Communicating-or getting our message across-is the concern not only of second language teachers but of us all in our daily lives in whatever language we happen to use. Our successes are a continual source of jubilation- This time he got the message!-and comfort-You really do understand, don’t you? Our failures are a source of frustration-I wonder what he meant by that?-and discouragement-somehow I can never seem to make them understand. Learning how to be better communicators is important to all of us in both our private and public lives. Better communication means better understanding of ourselves and others; less isolation from those around us; and more productive, happy lives.
We begin at birth by interacting with those around us to keep warm, dry, and fed. We learn very soon that the success of a particular communication strategy depends on the willingness of others to understand and on the interpretation they give to our meaning. Whereas a whimper will suffice to bring a mother running with a clean diaper and warm milk in one instance, sustained screaming over long stretches of time will be ineffectual in another. We learn, then that meaning is never one-sided. Rather, it is negotiated between the persons involved .
As we grow up our needs grow increasingly complex and, along with them, our communication efforts. Different words, we discover, are appropriate in different settings. The expressions we hear on the playground or through the bedroom door may or may not be acceptable at the supper table. We may decide to use them anyway to attract attention. Along with words we learn to use intonation, gestures, facial expression, and many other features of communication to convey our meaning to persons around us. Most of our repertoire of communication strategies develops unconsciously, through assimilation of role models- persons we admire and would like to resemble to some extend- and the success we experience in our interactions. In childhood, peer as well as adult reactions are usually quite spontaneous and direct; they give immediate feedback on the way our meaning has been interpreted: That’s no way to talk your father! Just for that, I’m not going to play with you anymore.- All you ever do is talk about how great you are. You think you’re so smart!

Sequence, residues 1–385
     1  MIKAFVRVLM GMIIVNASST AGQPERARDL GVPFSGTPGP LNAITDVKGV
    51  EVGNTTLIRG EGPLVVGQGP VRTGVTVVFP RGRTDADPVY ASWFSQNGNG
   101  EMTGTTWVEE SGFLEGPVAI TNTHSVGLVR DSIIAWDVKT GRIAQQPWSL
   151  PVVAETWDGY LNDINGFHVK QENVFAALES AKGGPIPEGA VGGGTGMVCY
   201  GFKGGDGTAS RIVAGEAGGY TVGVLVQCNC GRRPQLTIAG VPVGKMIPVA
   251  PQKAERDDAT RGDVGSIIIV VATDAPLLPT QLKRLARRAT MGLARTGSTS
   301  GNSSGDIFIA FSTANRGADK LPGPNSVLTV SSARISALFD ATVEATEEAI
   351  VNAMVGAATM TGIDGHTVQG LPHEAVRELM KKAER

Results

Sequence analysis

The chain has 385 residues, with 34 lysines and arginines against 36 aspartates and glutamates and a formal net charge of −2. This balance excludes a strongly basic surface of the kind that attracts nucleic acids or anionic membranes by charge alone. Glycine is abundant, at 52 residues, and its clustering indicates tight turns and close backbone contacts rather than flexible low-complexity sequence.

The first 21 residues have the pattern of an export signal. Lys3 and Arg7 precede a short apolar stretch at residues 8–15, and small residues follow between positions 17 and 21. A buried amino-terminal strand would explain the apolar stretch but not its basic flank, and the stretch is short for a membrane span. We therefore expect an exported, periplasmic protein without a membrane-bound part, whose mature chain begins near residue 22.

Formal training in the classroom affords an opportunity to gain systematic practice in an even wider range of communicative activities. Show and Tell, an activity that has become an integral part of most preschool programs, provides an early opportunity to report to a group in a formal setting on a previously prepared topic. Group discussions, moderated by the teacher, give young learners important practice in taking turns, getting the attention of the group, one’s views, and perhaps disagreeing with others in a setting other than the informal family or playground situations with which they are familiar. Classrooms also provide practice in written communications of many kinds. Mother’s Day, business letters, and job application forms are routinely included in many school curricula and provide older learners with practical writing experience.